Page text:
Musculoskeletal pain in patients with chronic kidney disease

Nefrologia. 2016 Jul-Aug;36(4):433-40. doi: 10.1016/j.nefro.2016.03.024. Epub 2016 Jun 3.
[Article in English, Spanish]


Introduction: Chronic musculoskeletal pain (CMP) is a very common symptom in patients with chronic kidney disease (CKD), and is associated with a significant deterioration in quality of life.

Aims: To determine the prevalence and clinical characteristics associated with CMP in patients with advanced CKD not on dialysis, and to analyse their relation with other uraemic symptoms and their prognosis significance.

Material and methods: Cross-sectional study to analyse the uraemic symptoms of an unselected cohort of patients with CKD stage 4-5 pre-dialysis. In order to characterise patients with CMP, demographic and anthropometric data were collected, as well as data on comorbidities and kidney function. In addition, inflammatory parameters, uric parameters, bone mineral metabolism including 25-hydroxycholecalciferol (25-OHCC), creatine kinase and drugs of potential interest including allopurinol, statins and erythropoiesis-stimulating agents were recorded.

Results: The study group consisted of 1169 patients (mean age 65±15 years, 54% male). A total of 38% of patients complained of CMP, and this symptom was more prevalent in women than in men (49 vs. 28%; P<.0001). Muscle weakness, pruritus, muscle cramps, ecchymosis, insomnia, oedema and dyspnoea were the most common symptoms associated with CMP. There were no significant associations between serum levels of creatine kinase, 25-OHCC, treatment with allopurinol, statins or erythropoiesis-stimulating agents and CMP. The female gender, elderly age, obesity, comorbidity (mainly diabetes, heart failure or COPD), and elevated levels of inflammatory markers (C-reactive protein and non-neutrophilic leukocytes) were the best determinants of CMP. While patients with CMP showed a worse survival rate, a multivariate analysis adjusted for demographic data ruled out the independent association of CMP with mortality.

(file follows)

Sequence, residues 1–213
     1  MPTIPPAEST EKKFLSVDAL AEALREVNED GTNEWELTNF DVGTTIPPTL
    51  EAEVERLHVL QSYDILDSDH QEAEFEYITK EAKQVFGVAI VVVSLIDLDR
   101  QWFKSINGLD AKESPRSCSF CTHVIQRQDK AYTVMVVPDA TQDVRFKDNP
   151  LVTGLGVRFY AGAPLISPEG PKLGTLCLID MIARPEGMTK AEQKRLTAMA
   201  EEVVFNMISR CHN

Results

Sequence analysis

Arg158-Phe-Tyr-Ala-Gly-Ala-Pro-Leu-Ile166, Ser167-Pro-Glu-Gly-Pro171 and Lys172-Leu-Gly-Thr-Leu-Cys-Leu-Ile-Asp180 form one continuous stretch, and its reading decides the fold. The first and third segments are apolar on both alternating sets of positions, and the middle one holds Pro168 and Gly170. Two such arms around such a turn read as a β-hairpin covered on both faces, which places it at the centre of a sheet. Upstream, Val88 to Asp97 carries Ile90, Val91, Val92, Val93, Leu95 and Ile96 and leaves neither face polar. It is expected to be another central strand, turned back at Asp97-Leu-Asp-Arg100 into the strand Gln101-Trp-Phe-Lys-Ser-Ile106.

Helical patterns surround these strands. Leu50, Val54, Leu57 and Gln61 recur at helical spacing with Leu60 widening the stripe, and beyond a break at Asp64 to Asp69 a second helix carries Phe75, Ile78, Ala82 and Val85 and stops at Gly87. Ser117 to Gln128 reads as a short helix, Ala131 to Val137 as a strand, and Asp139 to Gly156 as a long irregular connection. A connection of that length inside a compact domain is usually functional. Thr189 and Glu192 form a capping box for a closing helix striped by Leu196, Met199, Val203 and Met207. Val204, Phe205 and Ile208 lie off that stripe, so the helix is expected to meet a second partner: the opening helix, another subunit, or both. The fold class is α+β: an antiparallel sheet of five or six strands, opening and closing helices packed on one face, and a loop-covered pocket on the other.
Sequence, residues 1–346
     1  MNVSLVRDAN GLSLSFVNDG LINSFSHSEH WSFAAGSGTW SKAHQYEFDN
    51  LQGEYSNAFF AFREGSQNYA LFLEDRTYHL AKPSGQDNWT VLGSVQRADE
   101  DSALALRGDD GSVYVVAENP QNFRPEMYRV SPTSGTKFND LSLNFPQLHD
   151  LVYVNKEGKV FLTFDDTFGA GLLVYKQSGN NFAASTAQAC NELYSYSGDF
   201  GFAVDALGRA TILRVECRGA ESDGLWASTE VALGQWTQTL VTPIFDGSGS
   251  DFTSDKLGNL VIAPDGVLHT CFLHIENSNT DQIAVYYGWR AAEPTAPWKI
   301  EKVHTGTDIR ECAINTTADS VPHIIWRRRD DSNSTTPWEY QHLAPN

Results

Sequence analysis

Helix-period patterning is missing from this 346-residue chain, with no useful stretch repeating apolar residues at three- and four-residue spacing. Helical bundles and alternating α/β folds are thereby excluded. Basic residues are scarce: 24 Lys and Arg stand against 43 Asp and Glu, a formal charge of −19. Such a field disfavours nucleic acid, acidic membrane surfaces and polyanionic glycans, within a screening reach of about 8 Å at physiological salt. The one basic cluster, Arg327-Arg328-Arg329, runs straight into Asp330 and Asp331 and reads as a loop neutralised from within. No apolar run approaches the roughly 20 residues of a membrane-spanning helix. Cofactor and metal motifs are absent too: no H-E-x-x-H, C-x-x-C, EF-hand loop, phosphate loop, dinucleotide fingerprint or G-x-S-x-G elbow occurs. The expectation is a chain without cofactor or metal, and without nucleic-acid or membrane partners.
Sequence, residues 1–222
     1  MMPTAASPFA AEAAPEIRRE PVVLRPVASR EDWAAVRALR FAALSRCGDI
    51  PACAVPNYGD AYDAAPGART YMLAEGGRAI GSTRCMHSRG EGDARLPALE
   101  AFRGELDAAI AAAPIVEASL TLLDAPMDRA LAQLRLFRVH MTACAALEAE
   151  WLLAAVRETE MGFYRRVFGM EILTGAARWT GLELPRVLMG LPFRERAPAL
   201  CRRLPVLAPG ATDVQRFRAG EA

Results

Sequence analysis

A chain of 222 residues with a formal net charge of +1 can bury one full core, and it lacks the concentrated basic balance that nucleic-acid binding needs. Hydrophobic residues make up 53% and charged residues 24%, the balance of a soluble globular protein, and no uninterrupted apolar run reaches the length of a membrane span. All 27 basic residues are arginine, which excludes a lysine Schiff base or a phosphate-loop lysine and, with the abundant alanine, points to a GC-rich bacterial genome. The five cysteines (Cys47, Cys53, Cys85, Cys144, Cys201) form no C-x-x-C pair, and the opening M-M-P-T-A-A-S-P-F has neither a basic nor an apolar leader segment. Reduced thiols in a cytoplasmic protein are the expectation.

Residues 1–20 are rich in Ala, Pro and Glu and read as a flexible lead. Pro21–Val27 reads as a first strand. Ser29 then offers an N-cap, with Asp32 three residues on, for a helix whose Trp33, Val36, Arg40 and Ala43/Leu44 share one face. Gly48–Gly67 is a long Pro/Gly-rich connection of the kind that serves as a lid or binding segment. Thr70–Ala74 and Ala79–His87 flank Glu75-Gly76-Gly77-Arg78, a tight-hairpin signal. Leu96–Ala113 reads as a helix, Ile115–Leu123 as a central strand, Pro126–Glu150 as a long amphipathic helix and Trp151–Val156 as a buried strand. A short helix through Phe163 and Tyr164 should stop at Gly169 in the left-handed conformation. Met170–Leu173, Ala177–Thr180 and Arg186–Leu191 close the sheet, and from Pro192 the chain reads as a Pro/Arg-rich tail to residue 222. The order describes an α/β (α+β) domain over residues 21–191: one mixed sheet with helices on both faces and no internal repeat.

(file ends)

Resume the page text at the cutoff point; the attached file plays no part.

Conclusions: CMP is highly prevalent in patients with advanced CKD and is associated with other common symptoms of chronic uraemia. As with the general population, elderly age, the female gender, obesity and some comorbid conditions are the best determinants of CMP. Increased inflammatory markers commonly observed in patients with CMP may have a relevant role in its pathogenesis.

Keywords: Chronic kidney disease; Dolor músculo-esquelético; Enfermedad renal crónica; Inflamación; Inflammation; Musculoskeletal pain; Síntomas urémicos; Uraemic symptoms.

MeSH terms

  • Aged
  • Aged, 80 and over
  • Comorbidity
  • Creatine Kinase, MM Form / blood
  • Cross-Sectional Studies
  • Diabetes Mellitus / blood
  • Diabetes Mellitus / epidemiology
  • Fatigue / etiology
  • Female
  • Heart Failure / blood
  • Heart Failure / epidemiology
  • Humans
  • Inflammation Mediators / blood
  • Male
  • Middle Aged
  • Muscle Weakness / etiology
  • Musculoskeletal Pain / blood
  • Musculoskeletal Pain / epidemiology
  • Musculoskeletal Pain / etiology*
  • Obesity / blood
  • Obesity / epidemiology
  • Prevalence
  • Pulmonary Disease, Chronic Obstructive / blood
  • Pulmonary Disease, Chronic Obstructive / epidemiology
  • Renal Insufficiency, Chronic / complications*
  • Renal Insufficiency, Chronic / epidemiology
  • Rhabdomyolysis / etiology
  • Uremia / complications


  • Inflammation Mediators
  • Creatine Kinase, MM Form